Another favorite passage of mine is the "bread from heaven" discourse in John 6.22-59, though I think oftentimes it is very badly misunderstood.
Some persons take Jesus here to be affirming a kind of predestinarian particularism: God has chosen some persons to be saved, rejected others, and no one could possibly be saved apart from this sovereign choice of God. Moreover, a person may only believe in Christ -- such is the sorry state of mankind -- if drawn and in some way that faith is realized in her by God.
I don't see the text in this way at all. Rather I understand it, and all of the gospel of John, a bit differently.
Jesus tells the crowd that he is the bread come down from heaven, which gives eternal life. The people naturally object and wonder about this, given that they take themselves to know his earthly origins: Is not this Jesus, the son of Joseph, whose father and mother we know? How can we now say, 'I have come down from heaven'? (6.42). But then Jesus answers them:
Do not complain among yourselves. No one can come to me unless drawn by the Father who sent me; and I will raise him up on the last day. It is written in the prophets, 'And they shall all be taught by God.' Everyone who has heard and learned from the Father comes to me (vv. 43-5).
It is certainly true that Jesus' language may immediately suggest the kind of predestinarianism I referenced earlier. But I think in fact a closer reading of the text will not allow for it.
There is a critical problem for the predestinarian reading. Jesus here affirms that no one could approach him unless chosen and drawn to him by the Father. The fact that the majority of his listeners abandon him after the discourse (v. 66) would lead us, on this view, to draw the conclusion that they had not been chosen by God for salvation. But Jesus is evidently interested in their believing and being saved, since he commands them to believe in him (vv. 26-9). More than that, there are affirmations of the universal scope of God's salvific work to be accomplished through Christ: Jesus will give his body for the life of the world (v. 51). The predestinarian reading puts a god behind the back of Jesus, so to speak, insofar as now Jesus' discernible intentions and motives are not necessarily God the Father's. Jesus may desire the life of the world, he may desire the repentance and salvation of his listeners, but God the Father has chosen differently. This puts a conflict of interests in the trinitarian relations and compromises what Jesus says when he affirms: Whoever sees me, sees him who sent me (12.45). So the predestinarian reading is to be rejected.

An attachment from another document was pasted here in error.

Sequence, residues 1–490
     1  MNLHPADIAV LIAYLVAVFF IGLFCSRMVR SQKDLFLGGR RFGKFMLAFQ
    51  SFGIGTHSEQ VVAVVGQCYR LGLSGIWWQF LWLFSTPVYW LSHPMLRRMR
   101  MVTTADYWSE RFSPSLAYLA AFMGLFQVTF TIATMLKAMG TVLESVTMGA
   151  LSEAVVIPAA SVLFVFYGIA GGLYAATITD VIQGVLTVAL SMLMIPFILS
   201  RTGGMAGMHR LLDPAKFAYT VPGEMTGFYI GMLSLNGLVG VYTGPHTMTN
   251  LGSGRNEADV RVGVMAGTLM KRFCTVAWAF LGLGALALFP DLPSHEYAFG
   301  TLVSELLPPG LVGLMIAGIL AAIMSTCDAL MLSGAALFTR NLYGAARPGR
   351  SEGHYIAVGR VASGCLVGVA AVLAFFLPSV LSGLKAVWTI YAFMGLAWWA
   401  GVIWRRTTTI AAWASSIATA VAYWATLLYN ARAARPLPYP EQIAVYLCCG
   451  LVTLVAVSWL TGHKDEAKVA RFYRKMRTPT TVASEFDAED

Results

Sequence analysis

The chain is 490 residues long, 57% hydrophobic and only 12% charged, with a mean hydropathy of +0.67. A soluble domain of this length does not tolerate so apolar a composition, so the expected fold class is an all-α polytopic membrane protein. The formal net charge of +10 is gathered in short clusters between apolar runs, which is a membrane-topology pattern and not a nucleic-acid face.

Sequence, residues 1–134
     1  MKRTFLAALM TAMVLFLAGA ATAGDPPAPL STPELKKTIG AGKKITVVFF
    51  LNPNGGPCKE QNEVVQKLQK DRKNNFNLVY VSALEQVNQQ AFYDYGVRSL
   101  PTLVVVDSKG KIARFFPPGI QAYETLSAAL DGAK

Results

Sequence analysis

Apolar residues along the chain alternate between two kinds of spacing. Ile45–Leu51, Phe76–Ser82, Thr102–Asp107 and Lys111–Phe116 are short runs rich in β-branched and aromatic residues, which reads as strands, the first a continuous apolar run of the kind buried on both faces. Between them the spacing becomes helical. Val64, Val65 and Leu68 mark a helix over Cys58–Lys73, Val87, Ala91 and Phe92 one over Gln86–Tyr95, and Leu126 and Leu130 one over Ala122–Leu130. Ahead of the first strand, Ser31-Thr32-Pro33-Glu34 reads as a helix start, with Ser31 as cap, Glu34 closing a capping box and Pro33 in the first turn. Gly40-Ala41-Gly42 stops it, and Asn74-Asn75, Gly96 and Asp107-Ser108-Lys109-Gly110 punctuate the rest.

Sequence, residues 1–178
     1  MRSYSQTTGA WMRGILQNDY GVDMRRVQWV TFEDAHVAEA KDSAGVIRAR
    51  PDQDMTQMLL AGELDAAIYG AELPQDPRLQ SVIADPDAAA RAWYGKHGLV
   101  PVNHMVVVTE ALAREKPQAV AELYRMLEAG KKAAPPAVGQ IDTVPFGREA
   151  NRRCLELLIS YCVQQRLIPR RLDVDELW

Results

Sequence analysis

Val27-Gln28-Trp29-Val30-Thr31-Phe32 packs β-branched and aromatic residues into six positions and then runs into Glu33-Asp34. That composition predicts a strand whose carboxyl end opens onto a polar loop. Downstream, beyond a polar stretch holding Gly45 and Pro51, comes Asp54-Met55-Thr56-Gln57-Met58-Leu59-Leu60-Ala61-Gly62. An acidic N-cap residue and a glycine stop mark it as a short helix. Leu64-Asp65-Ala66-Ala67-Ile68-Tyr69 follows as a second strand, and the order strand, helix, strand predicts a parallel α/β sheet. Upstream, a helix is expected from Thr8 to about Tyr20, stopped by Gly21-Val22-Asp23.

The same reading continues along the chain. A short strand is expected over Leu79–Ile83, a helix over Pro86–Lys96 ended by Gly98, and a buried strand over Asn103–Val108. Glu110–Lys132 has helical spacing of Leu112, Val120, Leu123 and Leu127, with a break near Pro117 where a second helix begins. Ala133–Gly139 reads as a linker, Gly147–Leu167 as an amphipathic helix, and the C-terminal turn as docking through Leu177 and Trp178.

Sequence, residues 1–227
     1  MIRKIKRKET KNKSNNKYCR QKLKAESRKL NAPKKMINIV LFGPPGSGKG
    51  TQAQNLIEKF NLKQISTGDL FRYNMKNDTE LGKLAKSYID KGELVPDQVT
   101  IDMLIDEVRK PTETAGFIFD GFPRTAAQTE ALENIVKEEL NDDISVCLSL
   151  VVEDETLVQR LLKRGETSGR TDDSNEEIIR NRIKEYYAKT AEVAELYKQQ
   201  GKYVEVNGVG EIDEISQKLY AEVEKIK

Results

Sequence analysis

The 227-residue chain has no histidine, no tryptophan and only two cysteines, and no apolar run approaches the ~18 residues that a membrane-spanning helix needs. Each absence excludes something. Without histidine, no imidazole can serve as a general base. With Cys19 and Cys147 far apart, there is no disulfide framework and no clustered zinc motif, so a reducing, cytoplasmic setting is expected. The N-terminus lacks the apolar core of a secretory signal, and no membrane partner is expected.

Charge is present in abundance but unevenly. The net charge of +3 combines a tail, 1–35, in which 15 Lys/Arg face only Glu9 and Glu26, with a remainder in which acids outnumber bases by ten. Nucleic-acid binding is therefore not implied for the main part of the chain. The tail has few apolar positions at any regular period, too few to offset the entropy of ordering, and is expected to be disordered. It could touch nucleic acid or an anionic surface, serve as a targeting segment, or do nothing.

I take it that the gospel of John regularly affirms the freedom of the human will independently of God's will, and the exercise of that freedom is an essential component of salvation. Thus Jesus regularly calls out to groups of people to be saved and to believe in him who do not believe in him (e.g., 12.35-40). Short of positing hidden motives and actions on the part of the divinity, short of pitting Jesus and God the Father against each other, the only other option is to affirm that Jesus has no proximate control over whether they will believe. He insists that they do, he pleads that they do, but they must make such a choice on their own.
This is not to say that God has no work to play in bringing forth belief. Evidently he does, since Jesus says that no one can come to him unless drawn by the Father. But I understand this "drawing" on the model of testimony and attestation -- in other words, God draws through the miracles and works that Jesus does, and they form the basis of Jesus' call to believe in him (10.37-8). In fact Jesus makes appeal to his works precisely in calling forth faith from his persistent enemies, the Judean authorites; this suggests that it is God the Father's will as much as Jesus' will that these "reprobates" believe in him and be saved, since the works are the Father's testimony to Jesus.
Moreover Jesus affirms the possibility that a person hear God's voice and make the right choice: Everyone who has heard and learned from the Father comes to me (6.45); Whoever is of God hears the words of God. The reason you do not hear them is that you are not of God (8.47). If a person lives listening to God's word, God's whisper, she will come to see God in Jesus.
Thus when Jesus says that no one can come to him unless drawn or enabled by the Father, I understand that drawing or enabling as referring to the works performed by the Father's power. The people are sinful and do not hear God's voice; they don't recognize the Son of God when he appears to them. For this reason, then, because God's will is the salvation of all, he performs numerous works and miracles so as to inspire belief. Yet there is the crucial element of a person's independent agency, over which neither Jesus nor the Father has proximate deterministic control. This agency means that the sinful person may see the signs and respond in a totally unfavorable manner (e.g., ascribing the miracles to the devil).